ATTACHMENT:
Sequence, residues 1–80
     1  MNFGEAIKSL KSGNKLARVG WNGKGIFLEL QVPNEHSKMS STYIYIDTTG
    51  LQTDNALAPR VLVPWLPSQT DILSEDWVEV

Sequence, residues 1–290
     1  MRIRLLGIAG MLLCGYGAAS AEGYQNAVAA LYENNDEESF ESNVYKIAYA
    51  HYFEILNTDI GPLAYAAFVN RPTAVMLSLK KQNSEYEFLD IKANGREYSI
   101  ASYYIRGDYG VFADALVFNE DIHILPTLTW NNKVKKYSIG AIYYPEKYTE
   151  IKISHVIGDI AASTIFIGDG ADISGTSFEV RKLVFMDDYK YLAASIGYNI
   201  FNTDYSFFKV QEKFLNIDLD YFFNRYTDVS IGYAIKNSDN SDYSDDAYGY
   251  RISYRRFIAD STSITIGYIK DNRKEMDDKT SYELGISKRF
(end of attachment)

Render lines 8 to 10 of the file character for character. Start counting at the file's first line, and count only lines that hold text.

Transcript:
   151  IKISHVIGDI AASTIFIGDG ADISGTSFEV RKLVFMDDYK YLAASIGYNI
   201  FNTDYSFFKV QEKFLNIDLD YFFNRYTDVS IGYAIKNSDN SDYSDDAYGY
   251  RISYRRFIAD STSITIGYIK DNRKEMDDKT SYELGISKRF